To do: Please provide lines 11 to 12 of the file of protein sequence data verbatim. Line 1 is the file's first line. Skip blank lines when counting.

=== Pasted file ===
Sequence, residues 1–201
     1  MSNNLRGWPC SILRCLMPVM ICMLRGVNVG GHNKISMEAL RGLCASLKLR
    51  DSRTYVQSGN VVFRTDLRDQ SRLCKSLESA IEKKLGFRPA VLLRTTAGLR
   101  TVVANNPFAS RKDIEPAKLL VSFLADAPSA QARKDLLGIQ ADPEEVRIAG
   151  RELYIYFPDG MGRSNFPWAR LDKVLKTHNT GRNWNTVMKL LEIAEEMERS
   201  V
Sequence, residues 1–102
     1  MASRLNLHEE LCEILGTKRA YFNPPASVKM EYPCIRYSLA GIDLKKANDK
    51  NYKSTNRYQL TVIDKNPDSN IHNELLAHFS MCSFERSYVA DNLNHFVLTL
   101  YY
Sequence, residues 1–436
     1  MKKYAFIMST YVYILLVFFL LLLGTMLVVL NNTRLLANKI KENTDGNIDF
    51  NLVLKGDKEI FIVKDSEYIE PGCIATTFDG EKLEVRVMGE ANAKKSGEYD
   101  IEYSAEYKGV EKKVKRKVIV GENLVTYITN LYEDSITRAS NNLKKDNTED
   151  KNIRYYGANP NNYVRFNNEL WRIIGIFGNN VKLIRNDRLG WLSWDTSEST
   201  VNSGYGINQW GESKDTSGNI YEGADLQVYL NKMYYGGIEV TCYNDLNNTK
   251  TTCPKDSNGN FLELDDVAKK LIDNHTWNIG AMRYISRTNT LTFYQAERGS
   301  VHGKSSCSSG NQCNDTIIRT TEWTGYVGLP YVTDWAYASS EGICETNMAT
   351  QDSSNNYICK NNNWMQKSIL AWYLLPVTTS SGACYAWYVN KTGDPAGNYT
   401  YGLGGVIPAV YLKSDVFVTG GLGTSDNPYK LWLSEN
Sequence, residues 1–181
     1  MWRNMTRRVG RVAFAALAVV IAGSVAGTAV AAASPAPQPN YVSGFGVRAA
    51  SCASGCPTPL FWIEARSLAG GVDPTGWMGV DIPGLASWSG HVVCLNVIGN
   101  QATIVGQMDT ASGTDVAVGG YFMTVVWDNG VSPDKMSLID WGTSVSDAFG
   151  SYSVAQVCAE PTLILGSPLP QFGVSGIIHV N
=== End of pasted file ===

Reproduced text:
Sequence, residues 1–436
     1  MKKYAFIMST YVYILLVFFL LLLGTMLVVL NNTRLLANKI KENTDGNIDF